Sinéad O’Connor has died at the age of 56, multiple outlets reported on Wednesday, July 26. The Dublin performer is survived by her kids, Jake Reynolds, Roisin Waters and Yeshua Bonadio.

“It is with great sadness that we announce the passing of our beloved Sinéad,” Sinéad’s family said in a statement, per multiple outlets. “Her family and friends are devastated and have requested privacy at this very difficult time.”

The singer’s death was announced just 18 months after the death of son Shane O’Connor by suicide on January 7, 2022. 

“My beautiful son, Nevi’im Nesta Ali Shane O’Connor, the very light of my life, decided to end his earthly struggle today and is now with God,” Sinéad wrote on Twitter at the time. “May he rest in peace and may no one follow his example. My baby. I love you so much. Please be at peace.”

Sinead O'Connor Speaks into microphone during interview
Balazs Mohai/EPA/Shutterstock

After Shane’s death, Sinéad’s team announced that she would be canceling all of her scheduled shows for the rest of the year to focus on her own health and well-being. 

“We would like to respectfully announce that due to continuing grief over the tragic loss of her beloved son Shane earlier this year, Sinead O’Connor will not be performing live in 2022,” reps for the entertainer said in a statement at the time. “Thank you to Sinead’s friends and fans whose support and understanding we hold in the highest esteem throughout this period. The love being shown has been a source of great comfort and peace for Sinead.”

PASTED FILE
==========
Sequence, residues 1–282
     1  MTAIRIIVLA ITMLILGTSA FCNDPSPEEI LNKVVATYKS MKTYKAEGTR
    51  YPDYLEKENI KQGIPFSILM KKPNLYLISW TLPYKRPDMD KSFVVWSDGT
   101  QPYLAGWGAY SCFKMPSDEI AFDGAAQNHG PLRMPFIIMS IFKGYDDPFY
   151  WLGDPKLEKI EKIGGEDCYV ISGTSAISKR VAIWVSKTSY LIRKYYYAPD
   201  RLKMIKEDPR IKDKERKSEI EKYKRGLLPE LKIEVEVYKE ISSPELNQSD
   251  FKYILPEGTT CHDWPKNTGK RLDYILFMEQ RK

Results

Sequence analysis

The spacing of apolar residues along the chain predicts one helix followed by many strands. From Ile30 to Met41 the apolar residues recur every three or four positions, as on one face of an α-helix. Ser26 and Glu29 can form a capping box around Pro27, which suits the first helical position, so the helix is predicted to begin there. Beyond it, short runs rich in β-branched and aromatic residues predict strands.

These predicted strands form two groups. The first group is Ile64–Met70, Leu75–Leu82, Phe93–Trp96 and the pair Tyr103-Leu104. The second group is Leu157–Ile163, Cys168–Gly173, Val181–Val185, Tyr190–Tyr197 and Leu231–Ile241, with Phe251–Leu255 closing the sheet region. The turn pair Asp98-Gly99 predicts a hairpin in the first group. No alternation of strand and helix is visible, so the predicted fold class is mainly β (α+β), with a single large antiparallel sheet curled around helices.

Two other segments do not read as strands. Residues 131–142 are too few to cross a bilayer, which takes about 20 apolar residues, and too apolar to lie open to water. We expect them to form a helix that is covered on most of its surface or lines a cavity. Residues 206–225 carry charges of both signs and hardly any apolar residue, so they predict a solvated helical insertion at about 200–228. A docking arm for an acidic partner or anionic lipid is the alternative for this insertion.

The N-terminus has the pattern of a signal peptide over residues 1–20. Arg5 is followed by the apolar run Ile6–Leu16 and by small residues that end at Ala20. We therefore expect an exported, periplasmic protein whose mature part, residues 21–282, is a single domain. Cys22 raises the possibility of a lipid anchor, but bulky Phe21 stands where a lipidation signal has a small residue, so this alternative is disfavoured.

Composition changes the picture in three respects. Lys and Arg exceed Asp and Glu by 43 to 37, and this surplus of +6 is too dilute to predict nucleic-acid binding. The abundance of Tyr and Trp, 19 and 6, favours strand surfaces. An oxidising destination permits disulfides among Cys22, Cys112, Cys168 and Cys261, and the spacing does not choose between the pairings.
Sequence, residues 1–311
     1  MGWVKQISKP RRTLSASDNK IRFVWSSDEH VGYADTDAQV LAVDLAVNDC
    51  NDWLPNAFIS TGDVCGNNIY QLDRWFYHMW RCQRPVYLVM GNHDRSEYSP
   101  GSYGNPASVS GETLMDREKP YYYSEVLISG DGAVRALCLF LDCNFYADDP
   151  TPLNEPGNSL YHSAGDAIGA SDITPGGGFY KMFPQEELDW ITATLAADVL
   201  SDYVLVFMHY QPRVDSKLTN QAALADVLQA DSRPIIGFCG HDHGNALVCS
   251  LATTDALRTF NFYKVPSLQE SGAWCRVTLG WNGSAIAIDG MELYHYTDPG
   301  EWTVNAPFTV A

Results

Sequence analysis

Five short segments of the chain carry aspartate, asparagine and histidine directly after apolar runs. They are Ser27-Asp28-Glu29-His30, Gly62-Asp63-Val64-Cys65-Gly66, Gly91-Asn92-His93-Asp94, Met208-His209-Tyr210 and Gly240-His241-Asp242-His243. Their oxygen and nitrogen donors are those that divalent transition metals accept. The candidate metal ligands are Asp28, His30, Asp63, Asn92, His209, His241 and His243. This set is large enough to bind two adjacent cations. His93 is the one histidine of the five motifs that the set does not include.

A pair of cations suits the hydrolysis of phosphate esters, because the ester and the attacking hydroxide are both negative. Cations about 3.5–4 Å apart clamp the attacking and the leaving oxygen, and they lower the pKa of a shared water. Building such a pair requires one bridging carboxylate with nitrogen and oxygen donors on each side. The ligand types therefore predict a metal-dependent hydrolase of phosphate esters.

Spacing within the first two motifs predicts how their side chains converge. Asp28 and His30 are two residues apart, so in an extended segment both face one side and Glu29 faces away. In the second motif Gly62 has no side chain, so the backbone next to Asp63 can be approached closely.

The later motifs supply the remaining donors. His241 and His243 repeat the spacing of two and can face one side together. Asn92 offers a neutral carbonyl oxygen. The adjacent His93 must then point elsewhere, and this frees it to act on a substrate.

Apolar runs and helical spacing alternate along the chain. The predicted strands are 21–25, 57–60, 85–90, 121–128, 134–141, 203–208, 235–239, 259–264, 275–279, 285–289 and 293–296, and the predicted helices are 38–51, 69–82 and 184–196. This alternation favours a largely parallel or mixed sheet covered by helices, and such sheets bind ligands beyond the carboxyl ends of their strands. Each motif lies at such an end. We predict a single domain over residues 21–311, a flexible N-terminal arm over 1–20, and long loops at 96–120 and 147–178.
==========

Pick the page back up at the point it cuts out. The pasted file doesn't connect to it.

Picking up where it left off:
Prior to her passing, Sinéad was awarded the RTÉ Choice Music Prize for Classic Irish Album for her 1990 album, I Do Not Want What I Haven’t Got. The judging panel called the record “a stunning body of work by an Irish artist, scorching with originality in songs that are as resonant today as they were more than 30 years ago.” She released 10 studio albums between 1987 and 2014. 

Her cause of death was not immediately revealed. The musician opened up on a number of occasions about suffering from mental health issues and bipolar disorder in the years before her death.

“I know that I’m just one of millions and millions of people in the world that suffer like I do that don’t necessarily have the resources that I have,” she once shared in an August 2017 Facebook video. “If you have a family member that suffers from mental illness, care for them, tenderness, love, care for them. Visit them in the hospital, don’t dump them in the hospital and bugger off.”

She added, “People who suffer from mental illness are the most vulnerable people on Earth. You’ve got to take care of us. We’re not like everybody.”